After four years of dreaming, planning and building, the new Museum of Math (which we got a sneak peek of two weeks ago) is poised to open on Saturday, December 15—and trust us, they will come. It’s a daring move. Left brain–skewed cultural offerings at NYC museums tend to stay under the radar, and math, even in kindergarten, tends to acquire a reputation as being abstract and dull. But if MoMath founder and executive director Glen Whitney has it his way, that's all about to change in a radical way. The bilevel, $15 million dollar museum facing Madison Square Park turns conventional views of mathematics on their head with groundbreaking design, surprising aesthetic pleasures and a degree of intuitive interactivity that's rare in any museum. Most vital of all is that the museum appeals to kids' sense of fun, their innate curiosity about the world around them and their penchant for discovery. "When I saw the museum come together for the first time," Whitney says, "it was like Charlie and the Chocolate Factory: being Charlie as he stepped into Willy Wonka's factory—that sense of awe." And that, says Whitney, is the whole point. "If you can make an association between math and something fun and exciting, you're setting kids up for a whole new shift in thinking about what math is," he says. Here are some engaging ways for your family to make the most of the newest of NYC museums.
Ride a square-wheeled trike
Learn how math can make things that seem impossible possible by taking a smooth ride on a square-wheeled tricycle. How exactly does it work? The wheels travel over a road of inverted catenary curves (think the undulating curves of a pie-crust edge), which keep the axles of the wheel level as the corners rotate. The exhibit came from MoMath’s precursor, Math Midway, a traveling museum Whitney debuted in 2009 at the Word Science Festival in New York City. “There’s a road for every wheel,” says Whitney of this whimsical creation.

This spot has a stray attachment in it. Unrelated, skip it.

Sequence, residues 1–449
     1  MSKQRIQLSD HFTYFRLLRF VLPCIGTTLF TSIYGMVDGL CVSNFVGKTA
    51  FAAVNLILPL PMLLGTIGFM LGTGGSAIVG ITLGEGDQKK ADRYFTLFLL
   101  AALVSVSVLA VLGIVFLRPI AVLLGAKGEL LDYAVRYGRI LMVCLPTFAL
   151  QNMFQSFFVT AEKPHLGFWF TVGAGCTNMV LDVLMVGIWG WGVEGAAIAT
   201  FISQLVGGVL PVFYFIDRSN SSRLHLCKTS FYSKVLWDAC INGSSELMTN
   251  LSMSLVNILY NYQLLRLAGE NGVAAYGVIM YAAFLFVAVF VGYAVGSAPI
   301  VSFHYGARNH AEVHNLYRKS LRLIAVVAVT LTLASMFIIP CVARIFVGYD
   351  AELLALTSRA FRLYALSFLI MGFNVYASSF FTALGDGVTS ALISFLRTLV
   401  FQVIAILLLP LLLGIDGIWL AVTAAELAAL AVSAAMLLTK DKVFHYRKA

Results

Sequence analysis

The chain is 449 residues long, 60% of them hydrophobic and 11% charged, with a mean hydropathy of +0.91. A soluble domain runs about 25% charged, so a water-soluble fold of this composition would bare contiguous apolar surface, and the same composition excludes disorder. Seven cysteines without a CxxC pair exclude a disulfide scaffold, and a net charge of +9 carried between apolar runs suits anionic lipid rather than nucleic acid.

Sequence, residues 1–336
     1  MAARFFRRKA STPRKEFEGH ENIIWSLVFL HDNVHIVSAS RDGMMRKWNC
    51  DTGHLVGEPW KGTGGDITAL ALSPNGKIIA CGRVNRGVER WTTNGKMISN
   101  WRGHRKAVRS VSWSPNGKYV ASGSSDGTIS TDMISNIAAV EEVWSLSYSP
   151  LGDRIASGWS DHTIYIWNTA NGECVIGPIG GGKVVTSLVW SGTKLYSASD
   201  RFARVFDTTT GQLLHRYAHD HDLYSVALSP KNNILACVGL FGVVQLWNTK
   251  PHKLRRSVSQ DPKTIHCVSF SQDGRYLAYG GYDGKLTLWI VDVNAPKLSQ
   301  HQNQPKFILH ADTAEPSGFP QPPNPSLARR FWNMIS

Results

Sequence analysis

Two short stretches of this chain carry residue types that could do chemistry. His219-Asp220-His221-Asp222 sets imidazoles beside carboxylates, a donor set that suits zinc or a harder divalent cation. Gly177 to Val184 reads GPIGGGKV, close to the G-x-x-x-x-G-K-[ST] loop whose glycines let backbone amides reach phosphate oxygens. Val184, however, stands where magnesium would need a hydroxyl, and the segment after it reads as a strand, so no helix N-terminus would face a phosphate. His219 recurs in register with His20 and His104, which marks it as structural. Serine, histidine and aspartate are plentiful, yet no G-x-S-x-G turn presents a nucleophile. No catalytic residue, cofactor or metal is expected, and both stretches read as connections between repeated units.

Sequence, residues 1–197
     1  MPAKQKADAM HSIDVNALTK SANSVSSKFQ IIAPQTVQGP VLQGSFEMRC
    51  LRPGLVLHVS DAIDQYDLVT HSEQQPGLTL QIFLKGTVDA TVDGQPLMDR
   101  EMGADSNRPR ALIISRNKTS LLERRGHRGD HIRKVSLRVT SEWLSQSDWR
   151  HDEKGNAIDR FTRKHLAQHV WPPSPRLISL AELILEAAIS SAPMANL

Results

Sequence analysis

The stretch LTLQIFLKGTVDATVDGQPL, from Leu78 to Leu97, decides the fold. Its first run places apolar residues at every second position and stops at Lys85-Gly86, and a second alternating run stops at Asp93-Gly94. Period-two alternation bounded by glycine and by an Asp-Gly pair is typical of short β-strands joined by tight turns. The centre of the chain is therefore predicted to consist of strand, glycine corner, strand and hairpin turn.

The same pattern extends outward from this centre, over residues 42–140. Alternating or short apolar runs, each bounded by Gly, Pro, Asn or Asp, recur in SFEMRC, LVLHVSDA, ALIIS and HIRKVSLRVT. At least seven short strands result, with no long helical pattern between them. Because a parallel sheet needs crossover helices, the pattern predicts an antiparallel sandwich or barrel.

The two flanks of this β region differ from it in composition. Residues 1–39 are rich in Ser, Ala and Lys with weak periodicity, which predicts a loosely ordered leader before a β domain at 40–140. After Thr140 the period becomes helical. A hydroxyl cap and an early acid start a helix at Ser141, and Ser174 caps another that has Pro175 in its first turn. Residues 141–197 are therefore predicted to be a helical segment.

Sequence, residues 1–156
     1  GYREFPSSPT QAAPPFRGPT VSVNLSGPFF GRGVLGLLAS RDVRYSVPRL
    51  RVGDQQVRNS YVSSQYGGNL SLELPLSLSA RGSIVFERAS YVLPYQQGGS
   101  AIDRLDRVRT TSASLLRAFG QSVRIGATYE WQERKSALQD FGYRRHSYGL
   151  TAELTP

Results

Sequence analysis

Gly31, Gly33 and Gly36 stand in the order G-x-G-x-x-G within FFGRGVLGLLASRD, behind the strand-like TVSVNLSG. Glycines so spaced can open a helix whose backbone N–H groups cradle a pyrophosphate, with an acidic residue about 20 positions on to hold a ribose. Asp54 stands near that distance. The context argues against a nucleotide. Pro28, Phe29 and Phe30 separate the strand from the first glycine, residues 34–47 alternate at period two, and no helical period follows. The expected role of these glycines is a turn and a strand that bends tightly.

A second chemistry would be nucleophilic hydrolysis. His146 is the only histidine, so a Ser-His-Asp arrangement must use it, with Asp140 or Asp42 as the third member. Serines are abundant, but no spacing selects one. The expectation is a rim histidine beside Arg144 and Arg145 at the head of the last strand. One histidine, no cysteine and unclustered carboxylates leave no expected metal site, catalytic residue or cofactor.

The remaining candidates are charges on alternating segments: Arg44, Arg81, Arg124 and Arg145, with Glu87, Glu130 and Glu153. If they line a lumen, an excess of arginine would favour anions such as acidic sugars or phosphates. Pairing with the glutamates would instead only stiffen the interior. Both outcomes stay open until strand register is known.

See what cross-sections reveal
Common sense tells you that if you took a random slice of a pyramid, otherwise known as a tetrahedron, the shape you’d end up with would be a triangle. At the Wall of Fire—an exhibit consisting of an invisible plane of laser light that magically turns into a red outline when a 3-D object intersects it, illuminating the cross-section momentarily in its path—kids will learn that objects have aspects that aren’t always apparent. In this case, explorers-in-training will find the shape yields not only triangles but squares.
Feed your brain
MoMath’s in-house Enigma Café may not serve food, but the brain twisters and other puzzles this clever spot offers will sate the whole family. The café’s cutout dark wood walls, which imitate an actual eatery, are a clever riff on the design of Tetris pieces. Once inside, visitors are invited to sit at tables and chairs—the latter placed “a knight’s move” away from each other, nodding to the majestic (and mathematics-related) game of chess—to tinker with sculptural puzzles and interactive computer games. There’s a game for everyone’s math level, kids’ included. According to Whitney, only one mathematician at the opening gala was able to crack the one at the back left table.
Sit down and turn a cylinder into a vase